Just a couple more players remain on our Phoenix Suns Player Preview’s. Next up? He’s big. He’s bad. His birthday was yesterday. He is..
Center, 6’10”, 280 pounds, 24-years old
Azubuike, who was born in Nigeria, played high school basketball in Jacksonville and went to Kansas, was the 27th overall pick in the 2020 NBA Draft by the Utah Jazz. That is where he has played that last three seasons, with 2022-23 being the season in which he saw his most playing time.
Udoka played in 36 games, starting that last 4 for the Jazz, had an 81.9% field goal percentage. 81.9%! Granted it was on 72 shot attempts, all of his shot attempts came within 9 feet of the basket. He averaged 3.5 points, 3.3 rebounds, and 0.4 blocks in 10 minutes played per game last season.
“Dok did it! He lasted on the court for multiple weeks. It truly is monumental and shouldn’t be underappreciated. Azubuike suffered injuries both his first two seasons, rendering him unable to play more than 17 games. This season started shaky with Kessler earning the backup and ultimately starting job, but Udoka amassed an incredibly important 359 minutes in 36 games.”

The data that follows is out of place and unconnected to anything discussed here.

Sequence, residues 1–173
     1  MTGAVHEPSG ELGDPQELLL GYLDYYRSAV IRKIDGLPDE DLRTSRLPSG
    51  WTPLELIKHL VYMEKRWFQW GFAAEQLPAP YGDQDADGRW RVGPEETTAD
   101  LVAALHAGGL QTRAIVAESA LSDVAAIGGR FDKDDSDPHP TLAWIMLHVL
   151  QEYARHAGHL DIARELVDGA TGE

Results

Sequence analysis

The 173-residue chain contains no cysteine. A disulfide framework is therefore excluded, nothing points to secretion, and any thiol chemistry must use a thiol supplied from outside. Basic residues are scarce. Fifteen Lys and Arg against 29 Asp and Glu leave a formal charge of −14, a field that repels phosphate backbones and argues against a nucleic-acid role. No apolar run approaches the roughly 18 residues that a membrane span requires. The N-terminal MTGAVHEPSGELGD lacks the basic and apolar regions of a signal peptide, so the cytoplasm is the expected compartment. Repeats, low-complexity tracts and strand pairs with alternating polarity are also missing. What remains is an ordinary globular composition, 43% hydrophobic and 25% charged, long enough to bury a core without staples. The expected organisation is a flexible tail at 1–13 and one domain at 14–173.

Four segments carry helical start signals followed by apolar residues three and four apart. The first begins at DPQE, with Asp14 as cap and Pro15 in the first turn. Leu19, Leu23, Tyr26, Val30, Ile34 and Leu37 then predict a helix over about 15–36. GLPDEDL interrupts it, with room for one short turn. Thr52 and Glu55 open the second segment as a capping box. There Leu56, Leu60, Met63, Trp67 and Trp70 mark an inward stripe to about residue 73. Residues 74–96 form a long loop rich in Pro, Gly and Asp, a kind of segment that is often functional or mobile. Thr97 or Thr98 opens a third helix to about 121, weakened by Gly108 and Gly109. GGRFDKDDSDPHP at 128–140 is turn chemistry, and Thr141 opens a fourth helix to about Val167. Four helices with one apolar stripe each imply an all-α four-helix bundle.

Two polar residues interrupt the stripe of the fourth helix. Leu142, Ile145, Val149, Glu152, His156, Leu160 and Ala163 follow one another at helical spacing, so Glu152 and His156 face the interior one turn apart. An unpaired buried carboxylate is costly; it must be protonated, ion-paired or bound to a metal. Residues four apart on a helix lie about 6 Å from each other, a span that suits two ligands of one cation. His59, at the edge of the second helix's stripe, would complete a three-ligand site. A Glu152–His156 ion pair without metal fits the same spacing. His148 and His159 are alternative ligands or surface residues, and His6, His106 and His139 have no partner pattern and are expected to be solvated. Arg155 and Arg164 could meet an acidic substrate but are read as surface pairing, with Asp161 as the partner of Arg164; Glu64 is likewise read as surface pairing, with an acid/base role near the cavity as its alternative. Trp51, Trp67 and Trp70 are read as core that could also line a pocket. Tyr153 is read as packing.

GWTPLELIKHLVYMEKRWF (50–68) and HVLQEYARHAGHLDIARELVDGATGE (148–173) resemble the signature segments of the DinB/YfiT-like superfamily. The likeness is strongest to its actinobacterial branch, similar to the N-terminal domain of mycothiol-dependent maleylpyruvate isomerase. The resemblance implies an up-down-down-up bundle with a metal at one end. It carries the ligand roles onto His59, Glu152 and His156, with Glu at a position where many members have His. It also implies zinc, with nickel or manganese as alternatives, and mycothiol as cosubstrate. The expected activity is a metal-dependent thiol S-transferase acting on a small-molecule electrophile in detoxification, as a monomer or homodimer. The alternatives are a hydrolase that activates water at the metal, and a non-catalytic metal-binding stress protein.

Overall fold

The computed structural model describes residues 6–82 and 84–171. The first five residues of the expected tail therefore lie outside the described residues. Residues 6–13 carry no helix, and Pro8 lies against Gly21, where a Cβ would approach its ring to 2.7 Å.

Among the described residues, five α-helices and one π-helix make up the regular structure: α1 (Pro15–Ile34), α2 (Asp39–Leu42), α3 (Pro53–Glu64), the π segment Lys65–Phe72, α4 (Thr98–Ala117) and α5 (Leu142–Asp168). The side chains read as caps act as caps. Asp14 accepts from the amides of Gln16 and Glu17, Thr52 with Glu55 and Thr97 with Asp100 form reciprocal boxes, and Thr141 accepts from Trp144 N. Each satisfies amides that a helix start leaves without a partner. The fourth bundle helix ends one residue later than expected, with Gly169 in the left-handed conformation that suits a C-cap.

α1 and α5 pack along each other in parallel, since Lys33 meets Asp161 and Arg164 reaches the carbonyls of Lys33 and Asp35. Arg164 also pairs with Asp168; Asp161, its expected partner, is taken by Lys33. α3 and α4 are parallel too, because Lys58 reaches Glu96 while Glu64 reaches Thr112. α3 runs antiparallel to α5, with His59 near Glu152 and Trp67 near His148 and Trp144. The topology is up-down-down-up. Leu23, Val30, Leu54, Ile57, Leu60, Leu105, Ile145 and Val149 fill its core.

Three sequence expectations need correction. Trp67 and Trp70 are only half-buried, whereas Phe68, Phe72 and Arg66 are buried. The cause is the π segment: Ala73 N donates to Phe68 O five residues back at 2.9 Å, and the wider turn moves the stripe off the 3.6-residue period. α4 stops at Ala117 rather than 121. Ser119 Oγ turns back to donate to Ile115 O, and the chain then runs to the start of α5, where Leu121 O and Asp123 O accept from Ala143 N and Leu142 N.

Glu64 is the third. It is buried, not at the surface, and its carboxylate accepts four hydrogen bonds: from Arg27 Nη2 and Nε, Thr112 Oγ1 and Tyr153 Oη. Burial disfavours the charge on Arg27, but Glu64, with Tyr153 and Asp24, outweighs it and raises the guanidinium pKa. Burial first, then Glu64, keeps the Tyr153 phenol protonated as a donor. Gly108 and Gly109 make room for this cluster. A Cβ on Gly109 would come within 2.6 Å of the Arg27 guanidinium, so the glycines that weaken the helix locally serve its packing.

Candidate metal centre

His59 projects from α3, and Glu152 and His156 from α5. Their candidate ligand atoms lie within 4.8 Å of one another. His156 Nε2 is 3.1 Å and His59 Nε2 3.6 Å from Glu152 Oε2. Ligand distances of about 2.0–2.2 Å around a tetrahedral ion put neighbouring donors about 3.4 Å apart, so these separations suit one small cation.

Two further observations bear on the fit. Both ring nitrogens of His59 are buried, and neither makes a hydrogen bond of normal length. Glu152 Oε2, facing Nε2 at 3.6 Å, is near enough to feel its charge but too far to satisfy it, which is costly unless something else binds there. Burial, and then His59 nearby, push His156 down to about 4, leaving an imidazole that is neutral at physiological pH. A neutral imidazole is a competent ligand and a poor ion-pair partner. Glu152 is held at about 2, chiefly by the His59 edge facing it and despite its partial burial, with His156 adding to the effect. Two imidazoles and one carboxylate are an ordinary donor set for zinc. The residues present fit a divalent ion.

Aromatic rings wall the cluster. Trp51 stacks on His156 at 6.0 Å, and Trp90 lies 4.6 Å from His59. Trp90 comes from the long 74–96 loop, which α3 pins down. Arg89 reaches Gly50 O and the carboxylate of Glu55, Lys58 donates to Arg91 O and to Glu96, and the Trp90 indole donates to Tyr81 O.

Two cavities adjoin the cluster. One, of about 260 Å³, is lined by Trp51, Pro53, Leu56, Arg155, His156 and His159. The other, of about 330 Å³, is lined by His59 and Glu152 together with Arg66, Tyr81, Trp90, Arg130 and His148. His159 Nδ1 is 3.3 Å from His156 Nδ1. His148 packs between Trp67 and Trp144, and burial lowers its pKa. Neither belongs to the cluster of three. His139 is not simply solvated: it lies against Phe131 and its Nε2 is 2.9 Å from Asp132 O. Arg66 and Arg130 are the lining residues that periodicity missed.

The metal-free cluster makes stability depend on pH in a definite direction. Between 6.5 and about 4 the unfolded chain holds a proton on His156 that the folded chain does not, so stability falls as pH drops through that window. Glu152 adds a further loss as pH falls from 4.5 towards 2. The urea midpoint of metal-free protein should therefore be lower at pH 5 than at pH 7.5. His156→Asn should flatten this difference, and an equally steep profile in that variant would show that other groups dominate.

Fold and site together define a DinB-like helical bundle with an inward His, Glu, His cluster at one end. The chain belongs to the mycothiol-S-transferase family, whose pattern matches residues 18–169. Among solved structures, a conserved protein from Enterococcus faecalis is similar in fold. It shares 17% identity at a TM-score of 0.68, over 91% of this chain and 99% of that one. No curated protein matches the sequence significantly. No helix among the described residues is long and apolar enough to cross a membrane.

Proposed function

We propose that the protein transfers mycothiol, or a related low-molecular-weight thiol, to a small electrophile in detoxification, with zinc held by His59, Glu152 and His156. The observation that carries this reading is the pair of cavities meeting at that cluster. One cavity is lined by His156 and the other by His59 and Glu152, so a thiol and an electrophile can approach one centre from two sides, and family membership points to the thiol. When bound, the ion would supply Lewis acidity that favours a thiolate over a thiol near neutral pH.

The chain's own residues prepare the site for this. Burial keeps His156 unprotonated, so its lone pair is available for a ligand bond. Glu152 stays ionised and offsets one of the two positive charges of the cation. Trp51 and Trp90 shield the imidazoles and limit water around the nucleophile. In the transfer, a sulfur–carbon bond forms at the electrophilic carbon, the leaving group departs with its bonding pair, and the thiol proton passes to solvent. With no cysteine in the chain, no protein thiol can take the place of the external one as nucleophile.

Along with Saben Lee, Azubuike occupies one of the Suns’ three available two-way contracts.
Strengths and Weaknesses
His strength is his size, but due to his lack of experience and conditioning, Azubuike can be a liability on both ends of the court. Clearly a “break glass in case of emergency only” type of player, his addition to this stacked Suns roster is simply due to his two-way contract, not his upside as a player.
Throughout his time in Utah he was oft injured, playing in 68 games over three years. When he would see the court he would be out of position, relying on teammates to direct him where to be on defensive assignments. With a 280-pound frame, you need to be conditioned to play basketball, and that too is a challenge for the big fella.
One Key Factor
If Udoka wants to see time with this team — which would be primarily limited to garbage time — he needs to display an ability to be productive when given the opportunity. Doke was a dominant player while with the Kansas Jayhawks, averaging 13.7 and 10.5 in his senior year. The best way to get back to that form is to focus on being an athlete.
If I knew the Suns were looking to fill a two-way spot with a big, I would have preferred that they signed Trey Jemison, who was a quality player for the Summer Suns in the Vegas Summer League.
Typically the fans fall for the bench guys, and at times we can talk ourselves into illusions of grandeur for these players if only they received more playing time. I don’t believe that will be the case for Azubuike. He will be used sporadically and will not impress.